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Push-up capacity had a stronger inverse association with heart disease than aerobic fitness estimated by a submaximal treadmill test.
@rhonda this is a really poor study. Or at least the conclusions drawn from it and trumpeted through the media are poorly supported by the study.
Take a look here: http://www.fathead-movie.com/index.php/2019/02/18/pushups-and-heart-attacks-the-usual-harvard-nonsense/
Basically the ability to do some number of push-up stratifies the firefighters into age groups. When age is accounted for there is significant differences between only two groups. This presumably disappears when smoking is taken into account since the authors didn’t do that test. (Although they did collect the smoking status of the participants.)
Yeah as I looked closer at the study I see some of the analysis did not account for all confounding factors. It is always difficult to establish causation with these types of studies and statistical adjustment for age and BMI suggested that some of the risk reduction seen with higher push-up categories was accounted for by these characteristics. Also, the study assessed the association between push-ups and cardiovascular disease events. These results do not support push-up capacity as an independent predictor of cardiovascular disease risk. However, a higher level of muscular strength has been associated with lower cardiometabolic risk independent of cardiorespiratory fitness in other studies. Muscular strength has also been shown to have an independent protective effect for all-cause mortality and hypertension in healthy men.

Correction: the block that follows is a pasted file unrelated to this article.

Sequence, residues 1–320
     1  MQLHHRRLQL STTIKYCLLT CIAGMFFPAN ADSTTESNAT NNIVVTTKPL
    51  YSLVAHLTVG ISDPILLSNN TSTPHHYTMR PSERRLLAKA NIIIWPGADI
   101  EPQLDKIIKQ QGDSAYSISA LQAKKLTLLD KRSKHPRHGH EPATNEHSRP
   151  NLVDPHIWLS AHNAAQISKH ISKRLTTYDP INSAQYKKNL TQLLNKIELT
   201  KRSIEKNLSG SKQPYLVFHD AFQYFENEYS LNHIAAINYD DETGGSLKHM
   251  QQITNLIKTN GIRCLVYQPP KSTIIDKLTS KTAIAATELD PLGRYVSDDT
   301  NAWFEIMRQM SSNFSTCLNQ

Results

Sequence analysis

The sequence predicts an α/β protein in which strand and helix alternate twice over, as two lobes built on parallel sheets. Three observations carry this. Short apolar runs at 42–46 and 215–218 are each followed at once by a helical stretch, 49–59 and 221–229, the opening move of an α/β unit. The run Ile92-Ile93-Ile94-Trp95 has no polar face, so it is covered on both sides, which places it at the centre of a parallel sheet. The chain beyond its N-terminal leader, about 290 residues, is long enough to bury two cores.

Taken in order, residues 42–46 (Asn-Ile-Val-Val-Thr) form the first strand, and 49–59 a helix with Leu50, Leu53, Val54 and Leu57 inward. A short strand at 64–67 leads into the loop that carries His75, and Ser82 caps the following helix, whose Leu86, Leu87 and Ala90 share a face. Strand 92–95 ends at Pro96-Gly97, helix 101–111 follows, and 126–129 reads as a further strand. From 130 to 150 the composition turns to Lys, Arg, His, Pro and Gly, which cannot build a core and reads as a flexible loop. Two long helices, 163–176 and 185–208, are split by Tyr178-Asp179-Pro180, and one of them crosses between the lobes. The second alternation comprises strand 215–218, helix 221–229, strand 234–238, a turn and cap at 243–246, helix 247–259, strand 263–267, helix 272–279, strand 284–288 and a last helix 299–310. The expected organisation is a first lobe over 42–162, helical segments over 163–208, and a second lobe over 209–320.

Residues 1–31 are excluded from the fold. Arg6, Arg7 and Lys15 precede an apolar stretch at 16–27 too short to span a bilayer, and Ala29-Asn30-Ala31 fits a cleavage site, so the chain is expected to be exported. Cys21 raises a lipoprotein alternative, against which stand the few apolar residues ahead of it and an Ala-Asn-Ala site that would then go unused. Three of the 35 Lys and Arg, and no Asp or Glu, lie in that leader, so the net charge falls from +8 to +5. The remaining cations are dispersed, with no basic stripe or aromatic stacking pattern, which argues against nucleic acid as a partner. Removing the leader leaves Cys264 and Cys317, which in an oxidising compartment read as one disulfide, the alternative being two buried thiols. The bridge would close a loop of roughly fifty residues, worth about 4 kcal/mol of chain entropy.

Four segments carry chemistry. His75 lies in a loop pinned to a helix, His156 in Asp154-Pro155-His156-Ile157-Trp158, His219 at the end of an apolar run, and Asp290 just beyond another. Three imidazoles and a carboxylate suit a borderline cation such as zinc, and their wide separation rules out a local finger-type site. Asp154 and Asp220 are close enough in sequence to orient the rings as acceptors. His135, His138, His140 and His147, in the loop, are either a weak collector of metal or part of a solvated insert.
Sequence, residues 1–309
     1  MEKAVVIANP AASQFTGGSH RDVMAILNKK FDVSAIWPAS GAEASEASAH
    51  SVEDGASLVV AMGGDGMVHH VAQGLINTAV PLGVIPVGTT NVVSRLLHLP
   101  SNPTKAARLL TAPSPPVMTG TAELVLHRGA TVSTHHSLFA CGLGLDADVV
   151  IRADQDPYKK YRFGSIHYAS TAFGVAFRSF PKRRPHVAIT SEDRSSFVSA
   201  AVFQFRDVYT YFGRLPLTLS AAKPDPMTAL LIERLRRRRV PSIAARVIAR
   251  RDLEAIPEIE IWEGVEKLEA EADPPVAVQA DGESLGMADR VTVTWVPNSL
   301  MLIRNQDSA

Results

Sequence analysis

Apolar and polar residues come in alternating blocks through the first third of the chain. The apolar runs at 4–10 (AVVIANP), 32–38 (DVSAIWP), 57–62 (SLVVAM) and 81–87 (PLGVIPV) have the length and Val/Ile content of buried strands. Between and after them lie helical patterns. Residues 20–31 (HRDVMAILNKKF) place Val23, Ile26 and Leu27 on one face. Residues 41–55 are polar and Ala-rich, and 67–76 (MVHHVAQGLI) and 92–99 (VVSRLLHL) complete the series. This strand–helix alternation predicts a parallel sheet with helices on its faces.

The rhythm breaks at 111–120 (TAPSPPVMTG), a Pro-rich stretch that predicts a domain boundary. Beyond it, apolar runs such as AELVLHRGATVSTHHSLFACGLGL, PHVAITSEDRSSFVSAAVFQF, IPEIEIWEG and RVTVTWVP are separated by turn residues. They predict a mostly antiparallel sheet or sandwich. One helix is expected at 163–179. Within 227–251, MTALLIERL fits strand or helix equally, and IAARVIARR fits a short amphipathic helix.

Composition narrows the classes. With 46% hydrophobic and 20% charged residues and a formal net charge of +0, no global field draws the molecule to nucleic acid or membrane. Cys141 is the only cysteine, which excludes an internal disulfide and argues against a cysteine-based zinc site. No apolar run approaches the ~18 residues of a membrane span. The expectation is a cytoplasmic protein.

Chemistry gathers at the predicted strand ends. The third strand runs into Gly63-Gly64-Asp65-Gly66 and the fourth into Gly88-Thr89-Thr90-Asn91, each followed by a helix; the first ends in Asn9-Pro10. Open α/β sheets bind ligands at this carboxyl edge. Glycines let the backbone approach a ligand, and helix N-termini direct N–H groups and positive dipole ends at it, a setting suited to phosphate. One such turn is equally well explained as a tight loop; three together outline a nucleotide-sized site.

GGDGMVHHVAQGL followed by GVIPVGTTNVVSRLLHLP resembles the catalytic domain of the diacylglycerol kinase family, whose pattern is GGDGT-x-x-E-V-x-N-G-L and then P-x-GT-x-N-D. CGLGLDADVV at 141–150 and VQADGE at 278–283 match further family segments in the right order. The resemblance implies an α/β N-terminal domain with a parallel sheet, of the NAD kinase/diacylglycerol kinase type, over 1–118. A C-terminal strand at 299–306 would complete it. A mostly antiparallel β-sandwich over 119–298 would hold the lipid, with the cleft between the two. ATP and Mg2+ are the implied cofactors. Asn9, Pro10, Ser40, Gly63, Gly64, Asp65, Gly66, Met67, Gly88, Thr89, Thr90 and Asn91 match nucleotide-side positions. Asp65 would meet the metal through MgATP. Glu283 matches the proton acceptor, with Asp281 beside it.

I think the bottom line is it doesn’t hurt to do your best to stay fit and try to crush it with your push-ups!
Okay, I just tried it. No metronome, so I don’t know if I was keeping pace. (80 beats per minute). I got 33 with my back flat, touching the floor each rep. I’m 56, non-smoker. No history of firefighting…
Looking around the web at “fitness levels”, most regard that number of pushups, 40 for men (roughly an average of 25 for women) to be an advanced level athlete or as many divide them, a level 3 of a 4 level range. These athletes can normally also do 20 strict pull-ups for men (14 for women). I mention pull-ups because in my experience the majority of people I know can not do 1. Would love to see more news or interviews/ studies with stats on these kind of higher level fitness correlations to health.